Some unfortunate mismatches in young people’s job preferences and prospects
The world of work is changing. Are people ready for the new job outlook? A survey of 15-year-olds across 41countries by the OECD, a club of mostly rich countries, found that teenagers may have unrealistic expectations about the kind of work that will be available.
Four of the ﬁve most popular choices were traditional professional roles: doctors, teachers, business managers and lawyers. Teenagers clustered around the most popular jobs, with the top ten being chosen by 47% of boys and 53% of girls. Those shares were signiﬁcantly higher than when the survey was conducted back in 2000.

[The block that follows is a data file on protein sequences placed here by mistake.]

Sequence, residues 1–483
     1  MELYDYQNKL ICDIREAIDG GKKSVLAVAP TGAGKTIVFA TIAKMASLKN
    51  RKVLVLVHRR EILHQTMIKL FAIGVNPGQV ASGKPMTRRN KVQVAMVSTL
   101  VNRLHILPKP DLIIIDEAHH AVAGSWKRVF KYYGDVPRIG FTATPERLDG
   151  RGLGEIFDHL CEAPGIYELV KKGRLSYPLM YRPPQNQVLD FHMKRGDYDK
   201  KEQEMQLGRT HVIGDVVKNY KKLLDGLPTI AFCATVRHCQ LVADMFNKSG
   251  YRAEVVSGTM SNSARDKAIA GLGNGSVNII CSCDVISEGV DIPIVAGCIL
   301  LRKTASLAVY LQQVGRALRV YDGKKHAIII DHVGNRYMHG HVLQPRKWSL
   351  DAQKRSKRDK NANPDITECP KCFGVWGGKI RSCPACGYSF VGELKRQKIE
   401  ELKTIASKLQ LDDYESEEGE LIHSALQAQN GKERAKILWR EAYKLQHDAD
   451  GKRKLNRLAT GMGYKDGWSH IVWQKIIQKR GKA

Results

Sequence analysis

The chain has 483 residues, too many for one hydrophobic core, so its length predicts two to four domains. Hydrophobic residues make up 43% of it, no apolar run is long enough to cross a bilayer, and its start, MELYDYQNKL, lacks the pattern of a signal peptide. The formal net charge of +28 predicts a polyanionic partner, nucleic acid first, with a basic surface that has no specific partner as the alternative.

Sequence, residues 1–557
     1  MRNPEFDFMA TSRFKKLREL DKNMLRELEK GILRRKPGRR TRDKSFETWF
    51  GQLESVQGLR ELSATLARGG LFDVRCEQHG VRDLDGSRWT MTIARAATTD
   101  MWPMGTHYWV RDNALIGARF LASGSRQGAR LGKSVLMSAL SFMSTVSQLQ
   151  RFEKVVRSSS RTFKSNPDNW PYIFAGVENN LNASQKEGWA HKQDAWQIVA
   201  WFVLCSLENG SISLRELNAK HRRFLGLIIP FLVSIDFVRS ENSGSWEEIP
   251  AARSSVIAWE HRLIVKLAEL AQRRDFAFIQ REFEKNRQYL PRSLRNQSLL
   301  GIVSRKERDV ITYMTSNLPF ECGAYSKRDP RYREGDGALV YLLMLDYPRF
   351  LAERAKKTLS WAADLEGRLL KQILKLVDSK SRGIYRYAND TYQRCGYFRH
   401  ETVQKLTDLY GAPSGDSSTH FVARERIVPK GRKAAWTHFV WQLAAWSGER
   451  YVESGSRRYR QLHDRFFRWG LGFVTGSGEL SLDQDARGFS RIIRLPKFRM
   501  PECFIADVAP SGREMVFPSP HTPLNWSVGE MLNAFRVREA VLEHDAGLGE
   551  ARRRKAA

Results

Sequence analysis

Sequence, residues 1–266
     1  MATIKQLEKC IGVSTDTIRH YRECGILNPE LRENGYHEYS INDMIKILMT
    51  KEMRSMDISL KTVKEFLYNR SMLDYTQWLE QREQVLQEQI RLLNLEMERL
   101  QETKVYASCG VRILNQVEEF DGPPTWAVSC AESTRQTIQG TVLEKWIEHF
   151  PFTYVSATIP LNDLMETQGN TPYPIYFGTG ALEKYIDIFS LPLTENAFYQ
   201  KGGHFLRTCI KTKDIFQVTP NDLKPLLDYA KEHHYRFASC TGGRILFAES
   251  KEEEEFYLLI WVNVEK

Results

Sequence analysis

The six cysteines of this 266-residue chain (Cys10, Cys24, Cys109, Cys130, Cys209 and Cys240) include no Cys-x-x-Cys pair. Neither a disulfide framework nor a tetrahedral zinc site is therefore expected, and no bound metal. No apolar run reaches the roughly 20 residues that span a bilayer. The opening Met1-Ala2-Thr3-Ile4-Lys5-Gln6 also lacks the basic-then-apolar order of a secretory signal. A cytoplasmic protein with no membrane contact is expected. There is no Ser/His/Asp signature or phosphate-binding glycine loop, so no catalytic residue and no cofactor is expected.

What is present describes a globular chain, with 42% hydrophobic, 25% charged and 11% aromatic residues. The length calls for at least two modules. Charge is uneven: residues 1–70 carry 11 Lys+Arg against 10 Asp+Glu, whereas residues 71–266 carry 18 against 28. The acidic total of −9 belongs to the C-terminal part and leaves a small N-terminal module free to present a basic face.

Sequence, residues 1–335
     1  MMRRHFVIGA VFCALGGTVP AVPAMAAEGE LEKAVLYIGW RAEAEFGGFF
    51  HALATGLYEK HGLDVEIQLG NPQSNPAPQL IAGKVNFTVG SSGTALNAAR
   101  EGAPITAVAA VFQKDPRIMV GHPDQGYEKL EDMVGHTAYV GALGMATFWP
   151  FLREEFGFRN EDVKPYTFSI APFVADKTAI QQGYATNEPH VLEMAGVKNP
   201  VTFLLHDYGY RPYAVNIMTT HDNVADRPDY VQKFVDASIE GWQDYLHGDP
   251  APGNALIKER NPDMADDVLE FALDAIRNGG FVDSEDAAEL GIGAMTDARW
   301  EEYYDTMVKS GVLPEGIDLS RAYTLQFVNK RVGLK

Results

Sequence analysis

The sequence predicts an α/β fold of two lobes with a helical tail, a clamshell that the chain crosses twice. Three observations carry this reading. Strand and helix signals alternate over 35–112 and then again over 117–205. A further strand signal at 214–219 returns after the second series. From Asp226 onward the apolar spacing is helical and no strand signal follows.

The rationale for this selection was partly down to wishful thinking on the part of those surveyed (designers, actors and musical performers were three of the top 15 jobs). Youth must be allowed a bit of hope. When Bartleby was a teenager, his ambitions were to play cricket for England and become prime minister; neither ambition was achieved (a lucky escape for the country on both counts).
Furthermore, teenagers can hardly be expected to have an in-depth knowledge of the minutiae of labour-market trends. They will have encountered doctors and teachers in their daily lives. Other popular professions, such as lawyers and police oﬃcers, will be familiar from ﬁlms and social media. But many people end up in jobs they would not have heard of in their school years. You settle for what is available.